Mauro Santambrogio took the stage victory but overall leader Vincenzo Nibali was the big winner as the poor weather dominated stage 14 of the Giro d'Italia.

Organisers were forced to remove the day's major climb as snow, rain and fog hit, but Santambrogio and Nibali emerged from the mist at the mountain-top finish after launching a late attack from the peloton to reel in the remnants of an early breakaway.

Nibali was content to follow the Vini Fantini-Selle Italia rider across the line, knowing that those closest to him in the GC standings were far behind down the road.

Cadel Evans, who began the day 41 seconds behind Nibali in second place, crossed the line 33 seconds later, while Team Sky's Rigoberto Uran also lost time as he finished 30 seconds back.

With the bonus seconds factored in, that leaves Evans second, one minute and 26 seconds down in the GC, while Uran dropped to two minutes and 46 seconds back in third.

The stage win saw Santambrogio put himself in the discussion too, as he moved from sixth in the GC to fourth, one second behind Uran.

There had been little surprise earlier in the day when organisers confirmed they had been forced to divert the course around the category two climb to Sestriere due to the continuing poor weather, extending the distance from 168 kilometres to 180km.

Katusha's Luca Paolini, Bardiani's Sonny Colbrelli, Lampre's Daniele Petropelli and Omega Pharma-Quick Step's Matteo Trentin led the early breakaway and had forged a lead of almost 10 minutes, knowing they would need plenty of time in hand if they were to hang on during the final climb.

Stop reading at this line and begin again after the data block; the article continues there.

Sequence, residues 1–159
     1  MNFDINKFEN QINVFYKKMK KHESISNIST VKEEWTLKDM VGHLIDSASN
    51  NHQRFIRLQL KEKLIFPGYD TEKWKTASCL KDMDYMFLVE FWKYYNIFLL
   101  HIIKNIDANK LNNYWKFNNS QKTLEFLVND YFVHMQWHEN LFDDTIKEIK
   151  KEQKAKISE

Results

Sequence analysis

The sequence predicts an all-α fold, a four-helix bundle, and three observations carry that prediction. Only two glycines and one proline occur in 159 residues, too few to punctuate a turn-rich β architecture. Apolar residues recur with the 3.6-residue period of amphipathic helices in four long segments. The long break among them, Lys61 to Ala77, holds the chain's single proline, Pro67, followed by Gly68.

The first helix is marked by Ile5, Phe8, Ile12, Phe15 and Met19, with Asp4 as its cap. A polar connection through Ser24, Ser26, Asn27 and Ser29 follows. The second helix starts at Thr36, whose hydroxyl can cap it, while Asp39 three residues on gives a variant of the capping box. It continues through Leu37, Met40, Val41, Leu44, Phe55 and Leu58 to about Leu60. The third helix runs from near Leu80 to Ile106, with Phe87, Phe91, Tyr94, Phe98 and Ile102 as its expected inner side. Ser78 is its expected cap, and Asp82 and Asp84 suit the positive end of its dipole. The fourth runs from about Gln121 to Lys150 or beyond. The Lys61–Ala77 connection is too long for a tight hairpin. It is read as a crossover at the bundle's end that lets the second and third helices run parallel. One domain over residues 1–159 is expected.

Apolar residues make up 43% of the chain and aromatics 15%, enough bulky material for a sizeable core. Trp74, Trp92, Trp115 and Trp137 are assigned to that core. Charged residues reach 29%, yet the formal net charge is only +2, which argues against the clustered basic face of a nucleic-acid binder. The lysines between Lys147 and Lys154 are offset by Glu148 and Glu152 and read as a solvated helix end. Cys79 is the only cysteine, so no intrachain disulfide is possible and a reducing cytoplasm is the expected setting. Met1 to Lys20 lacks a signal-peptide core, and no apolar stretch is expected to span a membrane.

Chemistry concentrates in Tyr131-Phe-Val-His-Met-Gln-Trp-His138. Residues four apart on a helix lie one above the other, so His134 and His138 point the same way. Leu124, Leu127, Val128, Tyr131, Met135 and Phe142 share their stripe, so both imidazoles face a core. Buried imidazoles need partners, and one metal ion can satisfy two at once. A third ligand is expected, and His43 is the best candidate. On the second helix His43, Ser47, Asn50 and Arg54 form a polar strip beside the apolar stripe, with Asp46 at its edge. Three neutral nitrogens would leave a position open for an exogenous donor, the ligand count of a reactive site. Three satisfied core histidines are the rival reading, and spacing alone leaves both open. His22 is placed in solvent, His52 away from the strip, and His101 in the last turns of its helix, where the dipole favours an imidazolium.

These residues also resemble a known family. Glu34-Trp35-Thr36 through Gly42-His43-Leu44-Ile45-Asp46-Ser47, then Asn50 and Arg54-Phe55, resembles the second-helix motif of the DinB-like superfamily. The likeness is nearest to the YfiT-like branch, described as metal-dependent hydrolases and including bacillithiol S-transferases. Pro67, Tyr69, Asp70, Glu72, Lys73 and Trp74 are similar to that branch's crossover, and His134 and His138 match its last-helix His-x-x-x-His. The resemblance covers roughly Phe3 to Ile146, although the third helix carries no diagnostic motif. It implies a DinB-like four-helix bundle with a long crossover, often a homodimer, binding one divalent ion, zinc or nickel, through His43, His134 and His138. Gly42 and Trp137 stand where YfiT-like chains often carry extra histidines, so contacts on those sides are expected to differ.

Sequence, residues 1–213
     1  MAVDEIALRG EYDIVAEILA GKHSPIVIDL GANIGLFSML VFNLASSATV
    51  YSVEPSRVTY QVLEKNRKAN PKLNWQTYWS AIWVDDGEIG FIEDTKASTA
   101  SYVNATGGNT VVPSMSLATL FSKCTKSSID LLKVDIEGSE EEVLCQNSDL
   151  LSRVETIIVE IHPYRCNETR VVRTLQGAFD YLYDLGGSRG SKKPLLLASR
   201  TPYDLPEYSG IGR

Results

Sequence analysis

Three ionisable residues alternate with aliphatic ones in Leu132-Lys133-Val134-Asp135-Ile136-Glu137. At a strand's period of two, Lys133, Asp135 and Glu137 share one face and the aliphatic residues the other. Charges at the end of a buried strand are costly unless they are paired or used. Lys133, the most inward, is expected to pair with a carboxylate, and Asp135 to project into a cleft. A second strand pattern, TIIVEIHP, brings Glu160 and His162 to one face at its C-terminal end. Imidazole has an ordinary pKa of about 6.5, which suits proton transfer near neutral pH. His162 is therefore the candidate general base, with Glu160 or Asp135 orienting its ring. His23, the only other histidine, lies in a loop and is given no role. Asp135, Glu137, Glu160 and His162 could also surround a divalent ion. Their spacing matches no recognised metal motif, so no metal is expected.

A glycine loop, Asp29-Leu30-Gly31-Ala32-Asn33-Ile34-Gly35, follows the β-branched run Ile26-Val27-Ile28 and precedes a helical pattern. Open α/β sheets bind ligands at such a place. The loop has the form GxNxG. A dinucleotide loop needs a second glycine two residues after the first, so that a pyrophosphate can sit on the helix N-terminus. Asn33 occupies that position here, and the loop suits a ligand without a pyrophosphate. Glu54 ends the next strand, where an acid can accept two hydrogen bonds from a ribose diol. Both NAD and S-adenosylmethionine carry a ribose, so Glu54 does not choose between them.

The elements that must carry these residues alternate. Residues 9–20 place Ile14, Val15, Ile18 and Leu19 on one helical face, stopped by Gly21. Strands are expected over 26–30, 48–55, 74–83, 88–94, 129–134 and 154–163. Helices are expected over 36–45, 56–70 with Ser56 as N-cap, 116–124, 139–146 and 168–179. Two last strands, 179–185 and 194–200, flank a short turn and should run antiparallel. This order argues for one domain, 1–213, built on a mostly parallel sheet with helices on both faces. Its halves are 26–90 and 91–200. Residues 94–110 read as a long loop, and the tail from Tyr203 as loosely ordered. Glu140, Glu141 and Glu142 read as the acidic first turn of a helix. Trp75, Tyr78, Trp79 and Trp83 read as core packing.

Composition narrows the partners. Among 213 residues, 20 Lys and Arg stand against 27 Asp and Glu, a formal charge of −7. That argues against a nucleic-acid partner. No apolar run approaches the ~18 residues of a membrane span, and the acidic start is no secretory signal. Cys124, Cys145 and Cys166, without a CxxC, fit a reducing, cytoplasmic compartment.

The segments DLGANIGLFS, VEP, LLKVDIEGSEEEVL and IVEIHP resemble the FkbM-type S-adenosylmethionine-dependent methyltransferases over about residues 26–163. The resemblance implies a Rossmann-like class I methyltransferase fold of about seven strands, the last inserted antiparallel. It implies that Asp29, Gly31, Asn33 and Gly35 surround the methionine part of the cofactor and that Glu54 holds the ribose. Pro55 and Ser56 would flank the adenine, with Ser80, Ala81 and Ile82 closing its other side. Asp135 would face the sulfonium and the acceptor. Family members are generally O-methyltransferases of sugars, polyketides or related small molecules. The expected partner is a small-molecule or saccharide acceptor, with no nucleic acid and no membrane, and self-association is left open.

As the race moved inside the final 10km it still looked as if the stage winner would come from that group but the peloton was closing fast and several riders launched attacks to try and make up ground.

With the leaders in sight, Nibali made his move late with barely a kilometre left and Santambrogio went with the Astana man.

The pair came through the fog alone before Carlos Betancur finished third, eight seconds back, and then the long wait for Samuel Sanchez Euskaltel, Uran and Evans.

Robert Gesink and Michele Scarponi, the 2011 Giro winner, had begun the day fourth and fifth respectively in the GC standings, but their challenges suffered on the final climb as they finished well off the pace.

Scarponi held fifth but fell three minutes 53 seconds back while Gesink disappeared from the top 10 all together.

Attention now turns to tomorrow's stage 15, scheduled to be a 149km run to the famous Col du Galibier climb, with major changes expected to the route due to the poor weather.